Joni Mitchell’s catalogue of work over 50 years is as strong as anyone else in the genre. Of course those 50 years covered a range of sounds. When it comes to songs that can be covered it seems that the earlier ones have always been the most popular. I don’t think that is to do with the quality of the song so much as the intricate arrangements of the later work. 

So with Joni 75. Though Emmylou Harris does Magdalene Laundries from 1994’s Turbulent Indigo, that song was written 27 years after the next youngest song Dreamland from 1977’s Don Juan’s Reckless Daughter. It is no surprise and a delight for me that four of the songs are from 1971’s seminal Blue. My other favourite record Hejira gets two cuts, Amelia and Coyote.

Coyote is of particular intrigue to me. It might be one of the first Mitchell songs I ever heard, her version on The Band’s Last Waltz, and the singer is Dublin’s Glen Hansard. 

Amelia is done by Diana Krall whose previous covers of A Case Of You and Black Crow are particular favourites of mine. I do wish she had done A Case Of You here. I have blogged elsewhere that that might be the best song ever written and Kris Kristofferson, even with the help of Brandi Carlile doesn’t quite eek out its poetry or emotion. 

Noah Jones who worked with Herbie Hancock on his fascinating project River: The Joni Letters sings the same song Court and Spark, James Taylor does River and Woodstock, Rufus Wainwright gives us All I Want and Blue and perhaps the very best vocal of all is Seal's Both Sides Now.

Thrown into the mix of all these Mitchell classics is Graham Nash. Nash does not do a Joni Mitchell song at all but his own Our House which was written in the Laurel Canyon home that Nash shared with Mitchell when they were a couple. It is a beautiful song of domestic bliss and sits perfectly in a concert set list of Joni Mitchell classics both in style and indeed quality.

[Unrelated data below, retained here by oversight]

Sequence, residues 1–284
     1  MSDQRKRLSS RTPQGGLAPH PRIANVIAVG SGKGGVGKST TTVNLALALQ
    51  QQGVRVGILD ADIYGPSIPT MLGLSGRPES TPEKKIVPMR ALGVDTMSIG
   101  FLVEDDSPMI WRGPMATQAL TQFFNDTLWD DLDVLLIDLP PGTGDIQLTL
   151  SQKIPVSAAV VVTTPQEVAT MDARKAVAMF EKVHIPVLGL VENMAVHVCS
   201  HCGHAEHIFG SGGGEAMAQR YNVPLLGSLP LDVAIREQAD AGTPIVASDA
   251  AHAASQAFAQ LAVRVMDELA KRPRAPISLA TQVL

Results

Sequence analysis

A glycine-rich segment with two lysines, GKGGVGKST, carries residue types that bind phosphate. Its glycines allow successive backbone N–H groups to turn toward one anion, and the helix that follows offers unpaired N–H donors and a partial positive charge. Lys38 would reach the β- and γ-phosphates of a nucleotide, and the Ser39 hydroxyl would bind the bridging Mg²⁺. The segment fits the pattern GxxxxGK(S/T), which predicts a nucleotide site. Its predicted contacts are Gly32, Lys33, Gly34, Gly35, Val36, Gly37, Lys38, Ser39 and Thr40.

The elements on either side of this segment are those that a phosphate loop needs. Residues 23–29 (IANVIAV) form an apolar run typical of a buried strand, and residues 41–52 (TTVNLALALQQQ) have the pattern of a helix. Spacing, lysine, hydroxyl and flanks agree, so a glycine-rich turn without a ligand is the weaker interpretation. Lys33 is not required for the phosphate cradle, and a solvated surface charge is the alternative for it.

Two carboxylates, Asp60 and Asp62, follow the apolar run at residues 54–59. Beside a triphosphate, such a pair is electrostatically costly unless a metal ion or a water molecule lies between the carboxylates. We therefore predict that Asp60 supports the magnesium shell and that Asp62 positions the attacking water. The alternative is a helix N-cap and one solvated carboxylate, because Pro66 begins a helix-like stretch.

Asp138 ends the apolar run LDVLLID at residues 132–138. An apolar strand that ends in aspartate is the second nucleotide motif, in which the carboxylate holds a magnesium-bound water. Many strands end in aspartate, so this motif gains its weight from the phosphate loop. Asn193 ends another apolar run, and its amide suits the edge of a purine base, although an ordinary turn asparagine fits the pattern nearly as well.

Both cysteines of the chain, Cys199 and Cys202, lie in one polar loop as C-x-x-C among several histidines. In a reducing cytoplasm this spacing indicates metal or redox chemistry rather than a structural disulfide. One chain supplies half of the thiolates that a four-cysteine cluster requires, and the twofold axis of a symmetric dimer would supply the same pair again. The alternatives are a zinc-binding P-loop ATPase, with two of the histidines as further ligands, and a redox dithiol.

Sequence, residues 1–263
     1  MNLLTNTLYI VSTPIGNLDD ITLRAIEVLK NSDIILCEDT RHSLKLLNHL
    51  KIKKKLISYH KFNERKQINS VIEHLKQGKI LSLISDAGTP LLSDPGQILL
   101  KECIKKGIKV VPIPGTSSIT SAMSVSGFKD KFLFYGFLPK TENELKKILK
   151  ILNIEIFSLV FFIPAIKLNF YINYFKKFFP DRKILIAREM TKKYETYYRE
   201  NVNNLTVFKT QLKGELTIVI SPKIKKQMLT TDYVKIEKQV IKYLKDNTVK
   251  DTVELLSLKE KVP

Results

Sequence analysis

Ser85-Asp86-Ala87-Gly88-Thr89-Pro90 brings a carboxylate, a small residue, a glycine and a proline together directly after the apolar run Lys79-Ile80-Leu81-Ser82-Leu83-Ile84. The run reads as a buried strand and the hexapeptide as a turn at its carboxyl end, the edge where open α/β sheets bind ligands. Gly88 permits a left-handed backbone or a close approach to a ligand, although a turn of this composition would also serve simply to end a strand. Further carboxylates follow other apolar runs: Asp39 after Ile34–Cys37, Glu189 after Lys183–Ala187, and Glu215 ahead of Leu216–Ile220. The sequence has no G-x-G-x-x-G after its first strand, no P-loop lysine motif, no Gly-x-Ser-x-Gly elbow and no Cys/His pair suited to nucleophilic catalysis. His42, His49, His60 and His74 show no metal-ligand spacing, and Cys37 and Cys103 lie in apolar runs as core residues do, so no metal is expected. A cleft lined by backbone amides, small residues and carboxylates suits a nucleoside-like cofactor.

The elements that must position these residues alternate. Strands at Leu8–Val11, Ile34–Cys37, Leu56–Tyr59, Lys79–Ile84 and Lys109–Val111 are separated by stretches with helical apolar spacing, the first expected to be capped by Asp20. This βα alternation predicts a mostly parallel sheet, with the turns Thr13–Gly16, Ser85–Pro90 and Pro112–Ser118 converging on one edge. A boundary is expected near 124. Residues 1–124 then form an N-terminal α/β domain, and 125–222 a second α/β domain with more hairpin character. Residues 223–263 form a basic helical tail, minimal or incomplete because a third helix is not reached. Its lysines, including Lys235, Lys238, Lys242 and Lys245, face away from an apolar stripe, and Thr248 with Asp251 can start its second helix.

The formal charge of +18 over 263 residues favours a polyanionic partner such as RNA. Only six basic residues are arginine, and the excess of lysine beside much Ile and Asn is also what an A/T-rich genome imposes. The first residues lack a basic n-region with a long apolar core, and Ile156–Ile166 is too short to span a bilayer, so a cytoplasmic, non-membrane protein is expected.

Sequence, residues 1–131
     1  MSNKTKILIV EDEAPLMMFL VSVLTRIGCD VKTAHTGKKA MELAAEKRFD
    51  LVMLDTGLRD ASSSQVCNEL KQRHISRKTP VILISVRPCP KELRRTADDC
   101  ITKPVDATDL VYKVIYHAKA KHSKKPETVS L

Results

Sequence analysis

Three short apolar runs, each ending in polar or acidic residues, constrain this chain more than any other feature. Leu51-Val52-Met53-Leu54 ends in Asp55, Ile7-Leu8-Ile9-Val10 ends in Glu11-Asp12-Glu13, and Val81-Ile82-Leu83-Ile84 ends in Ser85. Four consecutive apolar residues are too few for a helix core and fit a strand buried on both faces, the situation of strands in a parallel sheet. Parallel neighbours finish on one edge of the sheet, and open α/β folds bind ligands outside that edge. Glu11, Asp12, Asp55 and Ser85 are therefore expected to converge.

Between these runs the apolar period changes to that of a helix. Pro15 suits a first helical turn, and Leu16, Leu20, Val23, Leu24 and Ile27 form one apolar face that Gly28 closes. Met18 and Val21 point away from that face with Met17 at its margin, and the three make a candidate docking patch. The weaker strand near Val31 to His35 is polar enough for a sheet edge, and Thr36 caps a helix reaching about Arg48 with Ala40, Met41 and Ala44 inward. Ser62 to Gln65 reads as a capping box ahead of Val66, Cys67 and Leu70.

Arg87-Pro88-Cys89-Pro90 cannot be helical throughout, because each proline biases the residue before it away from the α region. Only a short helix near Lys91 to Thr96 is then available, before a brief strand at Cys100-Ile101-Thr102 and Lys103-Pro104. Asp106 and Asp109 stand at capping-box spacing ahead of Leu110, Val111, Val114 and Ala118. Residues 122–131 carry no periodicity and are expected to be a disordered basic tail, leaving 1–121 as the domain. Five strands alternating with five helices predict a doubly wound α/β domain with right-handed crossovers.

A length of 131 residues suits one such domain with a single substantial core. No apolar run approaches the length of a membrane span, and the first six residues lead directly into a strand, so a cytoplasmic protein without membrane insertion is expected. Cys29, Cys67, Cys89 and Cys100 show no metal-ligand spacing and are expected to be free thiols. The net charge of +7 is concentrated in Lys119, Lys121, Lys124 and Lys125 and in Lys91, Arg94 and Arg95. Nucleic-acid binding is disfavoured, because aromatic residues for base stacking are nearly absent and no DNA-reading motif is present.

Songs might actually be as good as the versions of them that other artists do. If that is the case then once again it is clear that Joni Mitchell is one of the all-time greats!

my playlist of my other favourite Joni Mitchell covers here


General fabric



Saturday March 30th 2019 - 10.30am to 2pm

Fitzroy Church, 77 University Street, Belfast BT7 1HL

(use the Queens University car park at the top of Botanic Avenue as the Church car park will be used as a car wash)


In the summer of 2015 my wife, Janice, discovered the Arua fabric market. Arua is a town on the north western edge of Uganda. Our Church, Fitzroy, funded a primary school, Onialeku, on the outskirts of that town. 

I was a little exasperated at the number of pieces of this African fabric that Janice bought. What was she going to do with it? How much will be just left lying around the house? What a waste!

Well, I ended up eating my words. With a sewing machine, and the help of the other crafters in Fitzroy, my daughter Caitlin and Janice made cushions and table runners and all kinds of other products that raised well over £800 for the Onialeku project. Wow! Over the next four years we have watched the obsession with the Arua fabric market reach addictive heights but as Pastor David in Onialeku says, “Good addiction!” Over £4000 has now been raised!